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Is anyone here good at katsuramuki technique? Tips?

cowboyardee Sep 10, 2013 12:42 PM

Pretty self explanatory title.

I'm using a very thin gyuto to practice with. I know a usuba would be better, but I've heard it should still be possible with a gyuto. It has about 4 inches of dead flat profile at the heel end of the knife, and is plenty sharp.

In particular, I've had difficulty in cutting daikon into a nicely rounded cylinder in the first place while removing the peel. Any tips?

What should I be doing with the thumb on my off hand as I cut? It should be placed over where the edge meets the daikon, right? Should I be applying any pressure? I should be moving the knife up and down rather than the daikon, right?

Does a polished knife edge or a toothy edge work better for the job?

Any other tips?

  1. j
    JavaBean Sep 10, 2013 03:17 PM

    Hey Coybowyardee.

    Here’s a breakdown of what you’re supposed to do

    http://www.youtube.com/watch?v=AEjt3608-pM

    And a way to do it, if you can’t

    http://www.youtube.com/watch?v=vMNLX5...

    FWIW, I’ve only tried it the real way a half a dozen or so times and pretty much suck at it. However, it’s much easier to practice on softer veggies like a cucumber than a dakon or carrot. A gyuto or double bevel blade may work, but I wasn’t able to get very far before messing up the cut. I’ve got much further along with a Yanagiba or Usaba and had a much easier time keeping the sheet thin, and even.

    For safety reasons, I suggest learning with a toothier edge as it won’t slip as easily as a polished edge.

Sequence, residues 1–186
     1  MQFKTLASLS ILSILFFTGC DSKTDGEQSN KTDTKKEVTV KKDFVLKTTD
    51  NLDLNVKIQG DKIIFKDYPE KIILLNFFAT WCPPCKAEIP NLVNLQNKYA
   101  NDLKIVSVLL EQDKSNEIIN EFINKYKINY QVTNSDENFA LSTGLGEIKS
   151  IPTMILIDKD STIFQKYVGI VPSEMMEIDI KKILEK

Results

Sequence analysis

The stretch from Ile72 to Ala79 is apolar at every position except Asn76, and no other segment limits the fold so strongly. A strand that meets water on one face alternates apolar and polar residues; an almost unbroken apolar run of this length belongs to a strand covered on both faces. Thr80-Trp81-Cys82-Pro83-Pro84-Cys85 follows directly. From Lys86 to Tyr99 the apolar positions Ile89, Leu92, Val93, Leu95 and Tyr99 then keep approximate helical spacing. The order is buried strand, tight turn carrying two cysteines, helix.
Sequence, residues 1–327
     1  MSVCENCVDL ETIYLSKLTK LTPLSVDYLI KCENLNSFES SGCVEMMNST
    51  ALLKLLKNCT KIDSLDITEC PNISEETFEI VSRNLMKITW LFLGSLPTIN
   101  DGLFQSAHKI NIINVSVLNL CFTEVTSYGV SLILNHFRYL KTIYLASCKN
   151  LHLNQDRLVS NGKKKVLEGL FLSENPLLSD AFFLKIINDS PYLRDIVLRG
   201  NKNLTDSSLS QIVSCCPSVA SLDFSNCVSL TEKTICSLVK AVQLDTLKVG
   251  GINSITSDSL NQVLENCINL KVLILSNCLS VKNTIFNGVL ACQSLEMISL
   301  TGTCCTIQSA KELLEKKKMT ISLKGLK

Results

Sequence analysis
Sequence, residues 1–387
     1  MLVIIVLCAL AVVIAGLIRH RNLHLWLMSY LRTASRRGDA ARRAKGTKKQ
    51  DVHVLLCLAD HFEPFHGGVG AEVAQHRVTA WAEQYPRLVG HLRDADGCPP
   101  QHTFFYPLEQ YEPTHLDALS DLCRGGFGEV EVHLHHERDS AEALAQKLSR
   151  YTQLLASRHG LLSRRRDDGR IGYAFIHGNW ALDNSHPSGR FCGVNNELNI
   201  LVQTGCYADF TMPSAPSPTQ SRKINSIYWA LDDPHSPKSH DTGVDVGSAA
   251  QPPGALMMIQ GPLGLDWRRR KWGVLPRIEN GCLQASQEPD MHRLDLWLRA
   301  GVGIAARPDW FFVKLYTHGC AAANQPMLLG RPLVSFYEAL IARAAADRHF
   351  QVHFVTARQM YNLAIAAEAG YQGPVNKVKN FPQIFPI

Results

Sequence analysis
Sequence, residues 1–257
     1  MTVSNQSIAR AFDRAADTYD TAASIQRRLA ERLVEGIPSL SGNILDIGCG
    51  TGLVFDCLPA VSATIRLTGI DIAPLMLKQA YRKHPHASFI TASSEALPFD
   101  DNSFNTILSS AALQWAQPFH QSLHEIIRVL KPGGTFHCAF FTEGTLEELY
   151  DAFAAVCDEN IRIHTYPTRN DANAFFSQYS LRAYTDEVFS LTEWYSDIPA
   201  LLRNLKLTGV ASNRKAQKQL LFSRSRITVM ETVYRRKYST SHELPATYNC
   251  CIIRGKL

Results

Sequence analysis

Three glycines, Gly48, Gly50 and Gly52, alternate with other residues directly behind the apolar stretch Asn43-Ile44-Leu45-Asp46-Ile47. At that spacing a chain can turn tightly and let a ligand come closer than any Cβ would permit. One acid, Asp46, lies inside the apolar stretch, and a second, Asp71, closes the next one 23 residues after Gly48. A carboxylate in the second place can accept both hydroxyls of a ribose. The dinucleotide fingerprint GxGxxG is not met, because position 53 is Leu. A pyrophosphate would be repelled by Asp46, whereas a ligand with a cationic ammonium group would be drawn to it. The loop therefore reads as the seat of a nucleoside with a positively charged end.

1. l
      la2tokyo Sep 10, 2013 03:59 PM

      It takes practice. Practice with something cheap like a potato and then cook it all up when you're done.

      Make the thing as round as possible first. This takes time to learn, but if it's not round it will be much more difficult because you will try to make your sheet even by turning the knife, which makes the thing even less round as you progress.

      Only cut on the upstroke. You have to still have the knife pressed forward a little on the downstroke, but most of the forward movement of the blade should be while it moves up.

      Your thumbs are the guide. You feel the thickeness of what you are cutting right under each thumb. Keep your eye on the top edge and feel the thickness at the bottom only with your thumb. The top thumb is used to feel too, but you use your eyes more at the top. Do not apply pressure, it will just leave a long indented line under where your thumb is.

      The thing you are cutting does not move besides its rotation. While you rotate it, visualize the knife moving up to the left at an angle. This will help a lot. As you rotate with your left hand, the knife should move towards 10 O'Clock at about the same speed as you are turning your left hand.

      http://www.youtube.com/watch?v=3HDro-...

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